Madam Speaker, I am going to provide an answer to the hon. member for Davenport by giving the example of a recruits' course.
We often have recruits who may be 16 or 17. They have just begun their adult life. A recruits' course is intensive. It is very demanding. It tests soldiers, who are often very tired and even exhausted. They can make unintentional mistakes that will lead to a summary trial. For example, it can be the accidental discharge of a firearm. Nobody does it intentionally, but it can happen. The individual will have a summary trial and may even end up with a criminal record.
I once knew a colleague who was really tired. He was not paying attention and, unfortunately, he raised the flag upside down. He really did not do that on purpose, but he ended up with a summary trial. What he did was a mistake and it is something unacceptable in the military. That was simply caused by fatigue. That offence may also lead to a criminal record.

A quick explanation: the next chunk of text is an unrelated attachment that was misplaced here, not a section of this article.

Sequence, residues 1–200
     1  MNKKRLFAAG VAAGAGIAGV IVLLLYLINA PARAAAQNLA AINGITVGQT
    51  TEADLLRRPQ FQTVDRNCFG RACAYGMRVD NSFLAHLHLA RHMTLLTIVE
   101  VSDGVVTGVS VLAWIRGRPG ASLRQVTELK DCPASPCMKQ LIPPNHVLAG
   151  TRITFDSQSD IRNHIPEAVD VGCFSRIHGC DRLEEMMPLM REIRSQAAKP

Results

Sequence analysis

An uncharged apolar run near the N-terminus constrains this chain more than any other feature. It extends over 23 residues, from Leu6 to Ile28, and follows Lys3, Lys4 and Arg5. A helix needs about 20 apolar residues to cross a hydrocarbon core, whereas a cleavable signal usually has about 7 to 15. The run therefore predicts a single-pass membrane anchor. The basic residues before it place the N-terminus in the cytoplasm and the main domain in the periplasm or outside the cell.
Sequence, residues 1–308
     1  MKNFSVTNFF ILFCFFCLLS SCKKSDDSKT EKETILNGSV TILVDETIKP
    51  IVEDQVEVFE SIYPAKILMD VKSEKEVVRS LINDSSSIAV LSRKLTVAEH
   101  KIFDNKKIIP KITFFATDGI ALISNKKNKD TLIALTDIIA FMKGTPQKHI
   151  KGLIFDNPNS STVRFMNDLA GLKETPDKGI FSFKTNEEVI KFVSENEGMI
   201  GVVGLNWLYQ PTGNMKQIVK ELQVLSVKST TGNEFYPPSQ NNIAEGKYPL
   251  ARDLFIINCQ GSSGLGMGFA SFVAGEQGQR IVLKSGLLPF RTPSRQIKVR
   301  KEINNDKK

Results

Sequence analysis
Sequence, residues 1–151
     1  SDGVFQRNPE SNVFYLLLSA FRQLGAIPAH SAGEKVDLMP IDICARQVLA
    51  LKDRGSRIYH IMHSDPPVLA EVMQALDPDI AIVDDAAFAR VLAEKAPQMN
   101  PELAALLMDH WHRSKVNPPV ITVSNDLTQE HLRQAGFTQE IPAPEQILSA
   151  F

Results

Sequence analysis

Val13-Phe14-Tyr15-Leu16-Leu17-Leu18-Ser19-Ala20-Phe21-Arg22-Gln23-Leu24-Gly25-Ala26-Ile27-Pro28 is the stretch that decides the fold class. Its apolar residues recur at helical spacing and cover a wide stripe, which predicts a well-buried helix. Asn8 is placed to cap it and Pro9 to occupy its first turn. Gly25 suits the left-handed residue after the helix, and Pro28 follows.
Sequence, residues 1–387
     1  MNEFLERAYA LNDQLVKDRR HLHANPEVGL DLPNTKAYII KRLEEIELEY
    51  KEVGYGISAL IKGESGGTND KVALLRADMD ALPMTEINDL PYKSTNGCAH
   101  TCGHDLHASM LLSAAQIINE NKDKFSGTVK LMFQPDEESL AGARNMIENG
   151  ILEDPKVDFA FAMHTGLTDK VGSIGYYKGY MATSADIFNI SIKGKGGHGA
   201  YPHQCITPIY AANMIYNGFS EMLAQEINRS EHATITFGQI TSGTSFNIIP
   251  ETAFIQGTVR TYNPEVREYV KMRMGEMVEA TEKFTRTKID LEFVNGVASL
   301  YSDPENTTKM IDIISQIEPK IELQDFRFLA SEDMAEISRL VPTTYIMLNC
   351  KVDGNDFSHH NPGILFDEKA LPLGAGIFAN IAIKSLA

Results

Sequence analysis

A 16- or 17-year-old does not understand the justice system. They do not think about what will happen when they leave the armed forces in 20 years. They leave 15, 20 or 30 years later and finally realize that they have a criminal record because they did not really understand what was happening.